My standards are higher for secondary (critical) works, and as far as I can tell Skabichevsky was quite second-rate (Bulgakov mocks him, for instance). I hadn’t really thought it through, but I guess my policy (as it stands now) is to include critical works only when they’re still considered significant; the list is getting quite long as it is, and I don’t want it cluttered with too many items of purely historical interest.

  11. sorry, i’m falling asleep after a hard day – thanks for all your comments.
    How does Bulgakov mock Skab. – Begemoth signs with his name on entering the Writers’ Club?
    And, again think of Amis, The Russian Girl, who sets the standards? In the novel, the professor, in love with the Russian poetesse, was the only person in the country to know that her poetry was bad. Skab made his name in polemics with Pisarev, and as such is a very important, if largely forgotten figure in Russian culture. Think: 1860s discourse with Pisarev, 70 years later! in 1930s Bulgakov remembers Skab in M&M. It’s not for nothing.
    Lisa: glad to hear from someone with appreciation for C18 Russian. Pushkin wouldn’t have happened if it weren’t for Lomonossov and Fonvizin. Prof Zapadov read 18th lit to us in the 70s. Do you know of him?

  12. Sashura, an American professor taught this course — it was a lot of fun, though reading in the old orthography was challenging at first because I’d only had a few years of Russian. It was one of the best courses I took, and I completely agree with you about the importance of the early literature. It’s too bad so few people read it. I used to go to sweep off Kheraskov’s grave when I lived in Moscow — all because I wrote a paper about one of his plays!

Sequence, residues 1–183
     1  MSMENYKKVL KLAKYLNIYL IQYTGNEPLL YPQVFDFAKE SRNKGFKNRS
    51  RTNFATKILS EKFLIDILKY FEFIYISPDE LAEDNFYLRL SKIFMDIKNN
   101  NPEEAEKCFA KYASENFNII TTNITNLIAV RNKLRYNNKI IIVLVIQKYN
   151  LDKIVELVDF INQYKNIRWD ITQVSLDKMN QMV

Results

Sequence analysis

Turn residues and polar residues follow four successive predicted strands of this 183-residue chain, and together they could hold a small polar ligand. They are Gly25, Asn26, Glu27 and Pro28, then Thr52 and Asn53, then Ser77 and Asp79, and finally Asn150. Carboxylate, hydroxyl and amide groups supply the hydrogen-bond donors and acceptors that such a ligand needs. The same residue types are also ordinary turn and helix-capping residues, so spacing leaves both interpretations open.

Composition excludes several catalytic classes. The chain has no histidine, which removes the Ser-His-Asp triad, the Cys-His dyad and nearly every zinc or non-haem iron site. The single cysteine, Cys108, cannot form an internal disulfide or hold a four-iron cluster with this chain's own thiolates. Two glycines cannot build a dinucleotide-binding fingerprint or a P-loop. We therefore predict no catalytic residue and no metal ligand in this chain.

I wish I remembered The Russian Girl… I read it about 15 years ago and about all I recall is that I enjoyed it.

  13. Is Vasily Aksyonov considered an artistically strong writer by readers of Russian, or is he now merely important for having ‘dissented’ from and been exiled / emigrated from the post-War “revolution”?
    I read, in English, The Burn years ago, and was impressed by its clever humor and its sadness, and wonder how related what I remember feeling was/is to what readers of Russian experience in reading the book.

  14. When I was in grad school in the early 90s my impression was that Russians had a very high opinion of Aksyonov as an artist. He was idolized by intellectual Russians in their 20s and 30s at the time – especially the Petersburg set I knew. I suspect his reputation has since declined considerably since his output post-1992 was considered by most Russians fairly weak. And the new generation probably considers him fairly dated.
    LH, I mentioned “exile” literature thinking of works like “Lolita” – it made little impression on the broader Russian culture when it was published but by 1989 every babushka on the metro was reading it. But you’re better off going with the actual date of publication otherwise things get too subjective.

  15. LH, I mentioned “exile” literature thinking of works like “Lolita”
    Well, that hardly counts, since it was an English-language novel that N. later translated into Russian. When I think of N’s “exile” literature, I think of his pre-US works, culminating with Dar. Of course it’s a pity that those books couldn’t be read in the USSR (except by a few), but for the purposes of the list, the exile community is just as “real” a reading public.

  16. exile literature and Aksyonov